Crane Prairie Reservoir Cascade Lakes

Crane Prairie Reservoir Cascade Lakes
Crane Prairie Reservoir Cascade Lakes

Thursday, October 10, 2019

10-09-2019 The Turquoise Trail to Santa Fe

Here is the blurb from the website for the Turquoise Trail between Albuquerque and Santa Fe:

“Venture off the freeway and onto the Turquoise Trail National Scenic Byway, and you'll see what we mean. The Scenic and Historic Area encompasses 15,000 square miles in the heart of central New Mexico, linking Albuquerque and Santa Fe. The drive is approximately 50 miles along Highway 14. Enjoy a breathtaking view from atop Sandia Crest, then drive back into history through the mining towns of Golden, Madrid, and Cerrillos, now coming alive with art, crafts, theater, music, museums and restaurants.”

As you can see from the photos I took, we didn’t see very much of the beautiful Turquoise Trail from the big red tour bus that took us on the route to Santa Fe.  Mo and I decided that when we return to Albuquerque someday we will take our time to explore the beautiful byway and the little mining towns along the way. 

Photos like these will remind those of us who dislike tours of exactly why we usually dislike tours!  Still, we had to get to Santa Fe, and this route was definitely more fun than driving north on I-25.  Either way, the views from the bus would have been less than stellar.  Madrid especially seemed like it would be a fun place to visit, but according to our guide it is another cute small town that has strayed from its roots to become another “art” community with lots of galleries and expensive coffee.

One good thing about a tour bus can sometimes be the guides, and in this case we did learn quite a bit about the surrounding landscape from our guide.  She talked most about the area surrounding Albuquerque and some of the problems that limit growth, including the lack of water for the ballooning population, and the lack of actual physical space, since most of the area around the city is Tribal land, with no space to expand.  We listened to some extensive information about the importance of xeriscaping, using what the desert had to offer, and about the high price of living on the west side of the Sandias versus the east side where we were traveling.  It was moderately interesting and helped to pass the time as we approached Santa Fe.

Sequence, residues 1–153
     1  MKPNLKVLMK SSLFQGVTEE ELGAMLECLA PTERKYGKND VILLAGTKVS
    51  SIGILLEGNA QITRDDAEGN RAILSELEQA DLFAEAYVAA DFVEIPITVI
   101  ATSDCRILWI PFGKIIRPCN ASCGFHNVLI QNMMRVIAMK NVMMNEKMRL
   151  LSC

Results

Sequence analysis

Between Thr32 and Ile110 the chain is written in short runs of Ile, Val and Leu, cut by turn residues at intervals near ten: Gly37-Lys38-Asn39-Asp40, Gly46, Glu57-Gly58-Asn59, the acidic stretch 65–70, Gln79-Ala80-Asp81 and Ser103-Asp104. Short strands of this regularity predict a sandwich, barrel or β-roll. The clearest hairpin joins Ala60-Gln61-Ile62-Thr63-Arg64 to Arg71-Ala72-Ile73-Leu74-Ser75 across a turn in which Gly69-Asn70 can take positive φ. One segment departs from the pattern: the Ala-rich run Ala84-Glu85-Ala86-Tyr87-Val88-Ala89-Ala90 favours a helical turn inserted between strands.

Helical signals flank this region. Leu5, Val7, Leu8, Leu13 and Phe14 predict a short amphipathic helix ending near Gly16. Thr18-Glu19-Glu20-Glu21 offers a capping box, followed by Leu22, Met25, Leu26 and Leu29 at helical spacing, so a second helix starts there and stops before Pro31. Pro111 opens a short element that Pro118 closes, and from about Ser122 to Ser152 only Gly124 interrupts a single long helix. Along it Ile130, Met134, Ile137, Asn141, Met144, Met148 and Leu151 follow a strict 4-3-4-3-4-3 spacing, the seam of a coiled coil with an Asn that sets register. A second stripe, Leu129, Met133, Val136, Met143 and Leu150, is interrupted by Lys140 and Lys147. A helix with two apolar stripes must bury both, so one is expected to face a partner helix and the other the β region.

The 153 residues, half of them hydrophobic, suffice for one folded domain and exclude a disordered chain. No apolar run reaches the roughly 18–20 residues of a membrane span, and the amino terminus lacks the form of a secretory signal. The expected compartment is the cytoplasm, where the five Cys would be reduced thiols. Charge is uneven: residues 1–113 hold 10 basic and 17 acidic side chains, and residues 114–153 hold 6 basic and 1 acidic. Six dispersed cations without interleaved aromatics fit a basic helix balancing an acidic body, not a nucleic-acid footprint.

Our first destination in the old city was the beautiful San Miguel Mission. Built between approximately 1610 and 1626, it is considered the oldest known church in the United States. The church was damaged during the Pueblo Revolt of 1680 but was rebuilt in 1710 following the Spanish reconquest of New Mexico and served for a time as a chapel for the Spanish soldiers.

The wooden  altarpiece, which includes a wooden statue of Saint Michael dating back to at least 1709, was added in 1798. Though the church has been repaired and rebuilt numerous times over the years, its original adobe walls are still largely intact despite having been hidden by later additions. The interior was beautiful with rustic beams and an alcove where you could see the original 300 year old adobe walls.

On a small side street next to the mission was what is thought to be the oldest house in New Mexico, and yet internet searches vary as to the actual location of the “oldest house”.  I think what we saw was a store front, and it was so crowded we never made it inside.  I don’t think we missed much. Somehow between the crowded church and the tiny street, Mo and I became separated, and I spent quite of bit of time searching for her.  She just told me she DID get to see inside the oldest house and it was interesting.  Thanks, Mo.

We then meandered just a few blocks to the famous Loretto Chapel.  I had read about the “miraculous” spiral staircase in the past, but didn’t realize that it was right in downtown Santa Fe.  In spite of the claims of its miraculous nature, it really is an amazing bit of woodworking. 

Legend has it that the builders must have forgotten to build a staircase to the choir loft, and the Sisters of the Loretto Chapel could find no one who could manage the complexity of building a staircase in the small space.  Legend says that to find a solution to the problem, the Sisters of the Chapel made a novena to St. Joseph, the patron saint of carpenters. On the ninth and final day of prayer, a man appeared at the Chapel with a donkey and a toolbox looking for work. Months later, the elegant circular staircase was completed, and the carpenter disappeared without pay or thanks. After searching for the man (an ad even ran in the local newspaper) and finding no trace of him, some concluded that he was St. Joseph himself, having come in answer to the sisters' prayers. The visit to the chapel was a special time for our new friend Elsie, who is a devout Catholic who attends daily Mass.